More distressing is the tone you take with the people out there working right now. The overarching sentiment is " you musicians are about to get what you deserve." There is only one place where I can find where you mention that it is reasonable for musicians to earn a living playing their instruments and it is a response to a comment not in your text. Even there you don't concede that a living wage is essential to the product only that it is an expectation. You refer to our profession as a "game." You have said that there are audience members who love music more than us. What does that even mean? That we should "grow up" and do things outside of the contracts we worked so hard to get. What profession has people in it who as students faced greater odds against getting a job? Many of these very coveted jobs are not exactly making anybody rich. This speaks of a profound sense of optimism and love of the craft. I suppose that virtually every member of a professional orchestra who you would call rigid or inflexible is an asshole but maybe there is another reason. Maybe it is people like you who every so often come along and tell us that everything we are doing is uninspired or not up to your standard. If it is not you it is some manager that wants the orchestra to dress like cowboys or have dancers during a Beethoven Symphony. These things never work and are precisely why we negotiate specific contracts. Why should we believe you? Because you are presumably a paid consultant taking money from our organization that you say is on the brink of "collapse" to tell us that everything is wrong. Not just wrong but unsustainable. Musicians are not idiots and we know that fund raising is hard and making the operation run so that we can play is hard. But do we really need someone telling managers that it more than hard but impossible. I would argue that despite whatever your intentions and despite however sincere that is not a solution. Telling us to be more like a rock band and that our training was irrelevant and therefore many of the reasons we got into this profession are irrelevant is not going to win you many fans among players. If you believe that the model of the orchestra where it gives a concert every week and pays a salary is over just say so. At least your readers will know clearly where you stand.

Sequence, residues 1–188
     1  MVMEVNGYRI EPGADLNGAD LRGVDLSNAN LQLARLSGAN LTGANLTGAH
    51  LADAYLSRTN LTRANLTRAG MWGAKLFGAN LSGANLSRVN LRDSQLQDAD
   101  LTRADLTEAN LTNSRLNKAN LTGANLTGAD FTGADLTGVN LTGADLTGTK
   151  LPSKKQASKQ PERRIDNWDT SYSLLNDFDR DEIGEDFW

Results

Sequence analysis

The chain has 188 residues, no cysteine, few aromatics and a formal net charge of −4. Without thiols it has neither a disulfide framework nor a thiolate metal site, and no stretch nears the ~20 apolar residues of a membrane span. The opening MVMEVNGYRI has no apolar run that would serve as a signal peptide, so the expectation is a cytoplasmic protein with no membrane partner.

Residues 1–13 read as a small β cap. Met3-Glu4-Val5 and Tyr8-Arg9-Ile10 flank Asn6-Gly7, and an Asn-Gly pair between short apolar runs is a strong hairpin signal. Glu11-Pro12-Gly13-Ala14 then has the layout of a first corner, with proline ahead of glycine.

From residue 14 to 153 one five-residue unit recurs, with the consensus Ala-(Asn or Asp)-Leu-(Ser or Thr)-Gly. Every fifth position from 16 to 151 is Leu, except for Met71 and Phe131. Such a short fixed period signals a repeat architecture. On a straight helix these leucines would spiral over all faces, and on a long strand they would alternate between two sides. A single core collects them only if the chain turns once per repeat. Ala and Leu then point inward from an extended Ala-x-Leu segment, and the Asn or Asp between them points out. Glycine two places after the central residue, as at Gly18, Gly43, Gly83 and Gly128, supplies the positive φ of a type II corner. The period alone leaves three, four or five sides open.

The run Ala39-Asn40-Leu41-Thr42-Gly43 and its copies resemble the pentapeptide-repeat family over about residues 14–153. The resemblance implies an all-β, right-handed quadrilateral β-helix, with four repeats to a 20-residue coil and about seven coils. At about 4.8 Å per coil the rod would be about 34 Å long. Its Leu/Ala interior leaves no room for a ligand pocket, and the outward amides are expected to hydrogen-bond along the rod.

This, like Scott Belyea's comment (below), is one of the most helpful that I've gotten, and I'm grateful to the anonymous person who offers it. Among many other things, it helps me with a couple of obvious things I've overlooked. (But this is only the beginning of why I value it so much.) Clearly I need to say something very early in the introduction to the book about my own committment to classical music, and also about my professional credentials. Any writer -- certainly anyone who's written journalism -- knows that there's no way to guarantee that absolutely everyone will understand what you're saying. You can write in the strongest terms "I believe X," and somebody is sure, incredible as it seems, to come along and say, "He says X is completely wrong!" But still it's helpful to be as clear as possible. In this case, I think that if I'd said near the start what my own feelings about classical music are -- the ways in which I love it, and precisely how they're served and not served by the present way we do things in the field -- the musician who wrote this comment wouldn't be so quick to think that I disdain so much of what he cares about. Likewise, if I'd talked a little about my professional work, he'd have seen that I've worked not just with students, but with many professionals much like him, many of whom share my views and in any case would be quite surrpised -- since they know me -- to read the portrait that gets painted here.